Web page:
During an intensive stay in Japan in 2016, photographer Laisa Maria investigated the relationship between herself as Soto [outsider, untrusted, public, exclusive, uncomfortable] and the Japanese as Uchi [insider, intimate, involved, trusted, comfortable, familiar, inclusive]. By trying to get close to strangers in public space. This work is an assemblage of different meetings with different locals across Japan, investigating the powerful cultural dichotomy of self and other. During this process, the camera served like the mythical Janus – the god of beginnings, transitions, endings -, trying to understand the Uchi-Soto chemistry in Japanese public spaces.
Anthropology and Asian love
Laisa Maria got her Master degree in Cultural Anthropology in 2015. She’s a self-taught photographer. Taking photographs is just another way of doing anthropology for her. In her study she focussed on Asian studies, because of her love and fascination for Asian culture. Before settling down in Amsterdam, Laisa Maria lived in China for a year to submerge in the Chinese culture and learn Mandarin.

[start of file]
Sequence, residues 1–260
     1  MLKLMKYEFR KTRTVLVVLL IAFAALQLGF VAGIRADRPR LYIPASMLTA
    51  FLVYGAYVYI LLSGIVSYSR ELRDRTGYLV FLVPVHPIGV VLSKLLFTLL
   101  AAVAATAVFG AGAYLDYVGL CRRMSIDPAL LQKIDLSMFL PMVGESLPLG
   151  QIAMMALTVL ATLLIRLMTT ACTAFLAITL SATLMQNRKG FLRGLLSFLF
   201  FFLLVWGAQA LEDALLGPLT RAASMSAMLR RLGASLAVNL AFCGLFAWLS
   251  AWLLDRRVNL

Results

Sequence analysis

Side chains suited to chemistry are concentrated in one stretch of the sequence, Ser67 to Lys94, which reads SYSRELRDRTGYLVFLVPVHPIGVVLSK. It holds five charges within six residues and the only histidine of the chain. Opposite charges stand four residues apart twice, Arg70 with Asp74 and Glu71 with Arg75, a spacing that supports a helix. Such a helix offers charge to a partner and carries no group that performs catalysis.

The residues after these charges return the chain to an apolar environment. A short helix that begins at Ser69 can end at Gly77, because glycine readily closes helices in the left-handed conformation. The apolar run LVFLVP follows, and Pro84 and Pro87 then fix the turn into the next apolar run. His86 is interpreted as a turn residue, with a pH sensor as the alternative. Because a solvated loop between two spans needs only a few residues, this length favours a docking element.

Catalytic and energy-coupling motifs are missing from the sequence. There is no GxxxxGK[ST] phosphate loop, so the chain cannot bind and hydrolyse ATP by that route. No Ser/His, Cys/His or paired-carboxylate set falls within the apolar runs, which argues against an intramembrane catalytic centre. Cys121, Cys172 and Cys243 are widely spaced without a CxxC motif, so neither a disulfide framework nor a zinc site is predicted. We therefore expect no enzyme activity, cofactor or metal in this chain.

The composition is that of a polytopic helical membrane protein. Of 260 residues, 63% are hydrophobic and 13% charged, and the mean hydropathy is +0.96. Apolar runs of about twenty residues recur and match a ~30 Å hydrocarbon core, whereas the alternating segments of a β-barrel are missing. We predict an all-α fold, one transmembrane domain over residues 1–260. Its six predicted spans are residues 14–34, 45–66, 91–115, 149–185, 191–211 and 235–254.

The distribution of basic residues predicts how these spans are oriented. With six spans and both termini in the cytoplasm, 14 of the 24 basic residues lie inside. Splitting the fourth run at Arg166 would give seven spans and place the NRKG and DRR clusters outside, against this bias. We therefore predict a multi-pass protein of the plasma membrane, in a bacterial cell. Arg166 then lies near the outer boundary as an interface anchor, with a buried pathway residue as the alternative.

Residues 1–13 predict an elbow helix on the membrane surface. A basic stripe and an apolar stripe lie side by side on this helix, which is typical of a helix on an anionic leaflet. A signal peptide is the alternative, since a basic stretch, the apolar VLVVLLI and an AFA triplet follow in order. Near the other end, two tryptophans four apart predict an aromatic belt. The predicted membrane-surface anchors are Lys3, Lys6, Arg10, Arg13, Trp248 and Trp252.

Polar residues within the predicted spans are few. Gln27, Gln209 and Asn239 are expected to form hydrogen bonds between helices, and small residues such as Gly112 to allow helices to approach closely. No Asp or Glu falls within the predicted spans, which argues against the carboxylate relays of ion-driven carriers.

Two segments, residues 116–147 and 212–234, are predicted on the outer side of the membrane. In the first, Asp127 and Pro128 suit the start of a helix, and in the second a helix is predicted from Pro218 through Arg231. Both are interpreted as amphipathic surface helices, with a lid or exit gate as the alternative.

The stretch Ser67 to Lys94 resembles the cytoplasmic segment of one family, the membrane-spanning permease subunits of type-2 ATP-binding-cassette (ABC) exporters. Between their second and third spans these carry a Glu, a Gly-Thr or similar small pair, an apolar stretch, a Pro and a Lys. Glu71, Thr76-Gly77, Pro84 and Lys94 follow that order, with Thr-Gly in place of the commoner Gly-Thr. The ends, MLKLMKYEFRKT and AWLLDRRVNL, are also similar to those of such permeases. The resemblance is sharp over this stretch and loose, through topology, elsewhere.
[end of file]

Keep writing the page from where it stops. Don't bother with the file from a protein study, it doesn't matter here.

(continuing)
Fun side fact: Laisa Maria worked for ‘De Fotomeisjes’. An Amsterdam based young collective who specialize in club photography. In a six hours interview she had with them for her essay, they offered her a job as a professional club photographer. Without even seeing her work. It was her enthusiasm and curiosity, that got her the job.
Combination of passions
After shooting the nightlife of Amsterdam she wanted to integrate her long-lived passion for anthropology with her new found passion for photography. Lisa Maria decided to go to Japan for three months with only one plan: taking photos. She tried to come as close as she could to the Japanese so called Uchi [the insider]. With meeting the most amazing people as a result. All of them with their own story. Her photography mindset: ‘I feel that I’m only entitled to tell a story, when I truly immerse myself in the subject.’
Come and check her work until July 6, and see with your own eyes if she succeeded to come close enough to the Uchi as a Soto.
‘You Uchi, Mi Soto’